int addressLength = sizeof(socketAddress); sock_return = recvfrom(m_socket, (char*) &buffer, 1500, 0, (SOCKADDR*)&socketAddress, &addressLength ); if( sock_return == SOCKET_ERROR) { int wsa_error = WSAGetLastError(); return wsa_error; } else { printf("got message!\n"); }

}

return 0; }

Thanks four your help!

share|improve this question

You may want to check/change your routing table. There will be a route for multicast (224.0.0.0, subnet 240.0.0.0) traffic in there with its appropriate metric:

C:\Users\Cetra>netstat -rn

*****

IPv4 Route Table
===========================================================================
Active Routes:
Network Destination        Netmask          Gateway       Interface  Metric
          0.0.0.0          0.0.0.0   192.168.80.254    192.168.80.99     20
        127.0.0.0        255.0.0.0         On-link         127.0.0.1    306
        127.0.0.1  255.255.255.255         On-link         127.0.0.1    306
  127.255.255.255  255.255.255.255         On-link         127.0.0.1    306
     192.168.80.0    255.255.255.0         On-link     192.168.80.99    276
    192.168.80.99  255.255.255.255         On-link     192.168.80.99    276
   192.168.80.255  255.255.255.255         On-link     192.168.80.99    276

        224.0.0.0        240.0.0.0         On-link         127.0.0.1    306 
        224.0.0.0        240.0.0.0         On-link     192.168.80.99    276

  255.255.255.255  255.255.255.255         On-link         127.0.0.1    306
  255.255.255.255  255.255.255.255         On-link     192.168.80.99    276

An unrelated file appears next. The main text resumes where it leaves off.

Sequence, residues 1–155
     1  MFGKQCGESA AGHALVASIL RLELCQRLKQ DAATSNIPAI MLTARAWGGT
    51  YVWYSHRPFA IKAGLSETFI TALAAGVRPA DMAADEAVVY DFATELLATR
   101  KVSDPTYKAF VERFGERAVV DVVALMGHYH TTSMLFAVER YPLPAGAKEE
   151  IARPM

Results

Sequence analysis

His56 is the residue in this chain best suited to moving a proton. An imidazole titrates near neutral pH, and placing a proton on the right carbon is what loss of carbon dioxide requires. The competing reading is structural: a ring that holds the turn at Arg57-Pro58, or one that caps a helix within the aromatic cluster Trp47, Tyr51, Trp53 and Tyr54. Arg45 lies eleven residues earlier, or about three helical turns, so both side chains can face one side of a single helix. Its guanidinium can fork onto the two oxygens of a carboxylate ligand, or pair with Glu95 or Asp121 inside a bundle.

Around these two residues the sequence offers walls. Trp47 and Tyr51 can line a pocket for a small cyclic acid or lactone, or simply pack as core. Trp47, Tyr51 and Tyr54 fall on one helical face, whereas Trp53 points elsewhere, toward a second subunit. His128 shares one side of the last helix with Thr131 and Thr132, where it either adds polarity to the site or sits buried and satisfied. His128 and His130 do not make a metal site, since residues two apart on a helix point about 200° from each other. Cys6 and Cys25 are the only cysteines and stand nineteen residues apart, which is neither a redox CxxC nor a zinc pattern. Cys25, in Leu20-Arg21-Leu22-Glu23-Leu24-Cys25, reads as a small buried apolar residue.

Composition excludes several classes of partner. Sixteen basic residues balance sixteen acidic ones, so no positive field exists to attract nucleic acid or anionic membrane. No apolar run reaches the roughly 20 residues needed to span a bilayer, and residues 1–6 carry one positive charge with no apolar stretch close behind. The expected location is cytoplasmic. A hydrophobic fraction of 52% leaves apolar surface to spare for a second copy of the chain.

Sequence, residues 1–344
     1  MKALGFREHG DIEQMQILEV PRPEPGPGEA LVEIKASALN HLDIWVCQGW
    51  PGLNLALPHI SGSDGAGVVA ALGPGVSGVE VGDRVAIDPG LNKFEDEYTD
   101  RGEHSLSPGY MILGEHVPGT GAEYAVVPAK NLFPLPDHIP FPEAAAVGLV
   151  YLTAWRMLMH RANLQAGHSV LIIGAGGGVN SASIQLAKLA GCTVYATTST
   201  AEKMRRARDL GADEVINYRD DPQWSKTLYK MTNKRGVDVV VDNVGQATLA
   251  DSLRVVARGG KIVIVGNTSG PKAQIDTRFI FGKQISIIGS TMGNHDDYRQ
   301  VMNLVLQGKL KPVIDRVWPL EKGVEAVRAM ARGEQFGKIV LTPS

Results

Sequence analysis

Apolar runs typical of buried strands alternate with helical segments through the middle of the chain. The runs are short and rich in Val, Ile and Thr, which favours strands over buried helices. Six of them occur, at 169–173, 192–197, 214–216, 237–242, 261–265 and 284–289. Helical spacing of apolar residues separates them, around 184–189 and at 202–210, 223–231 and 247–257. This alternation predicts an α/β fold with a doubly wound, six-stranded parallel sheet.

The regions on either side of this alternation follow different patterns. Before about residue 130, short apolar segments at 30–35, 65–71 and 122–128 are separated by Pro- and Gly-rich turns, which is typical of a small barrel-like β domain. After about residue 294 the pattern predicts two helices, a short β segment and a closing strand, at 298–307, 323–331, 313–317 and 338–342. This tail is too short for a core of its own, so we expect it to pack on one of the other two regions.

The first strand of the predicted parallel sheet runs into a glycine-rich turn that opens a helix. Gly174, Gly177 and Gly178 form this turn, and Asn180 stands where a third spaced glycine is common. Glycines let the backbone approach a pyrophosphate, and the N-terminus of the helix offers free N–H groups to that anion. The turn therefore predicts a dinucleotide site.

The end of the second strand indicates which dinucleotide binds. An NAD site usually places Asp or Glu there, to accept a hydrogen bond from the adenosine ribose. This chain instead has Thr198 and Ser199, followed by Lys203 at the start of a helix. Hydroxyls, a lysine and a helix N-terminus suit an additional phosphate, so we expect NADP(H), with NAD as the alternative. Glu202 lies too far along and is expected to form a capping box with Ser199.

******
share|improve this answer
    
Thanks for your reply. Adding/changing a multicast entry to the routing table is a workarkound that works. But most probably I won't be able to change the routing table of customer PCs. – Basti Jun 7 '10 at 11:02
    
I don't regard it as a workaround, it's just how networking works. Would your customer's PCs be multihomed also? – Cetra Jun 7 '10 at 11:06
    
As the application is a product, I can't exclude that. I already thought about changing the routing table by a windows API function... But I'm unsure if that couldn't result to some side effects on the customer PC. So I dropped the thought. – Basti Jun 7 '10 at 11:13
    
Well it would not harbour much trust if you changed it automatically. If you had something in your settings dialogue that listed all the interfaces and had a disclaimer when they changed it, i.e, "this will change the routes for multicast traffic, are you sure? y/n". – Cetra Jun 7 '10 at 11:16
    
Yes, that would be a better approach :-) However, I still can hardly believe that there is no way to force a socket to send the Multicast IGMP Join message using a specific NIC. That doesn't make any sense to me. – Basti Jun 7 '10 at 11:20
up vote 2 down vote accepted

The problem was a simple typo. Instead of using the structure struct ip_mreq_source, the structure struct ip_mreq must be used if using the option IP_MULTICAST_IF. (The other structure is needed for the IP_ADD_SOURCE_MEMBERSHIP option)

Using the wrong structure had most probably the result that the setsockeopt function found a zero where the NIC IP address was expected. Zero is also the value of the INADDR_ANY constant, which choose the default NIC of the system. :-)

share|improve this answer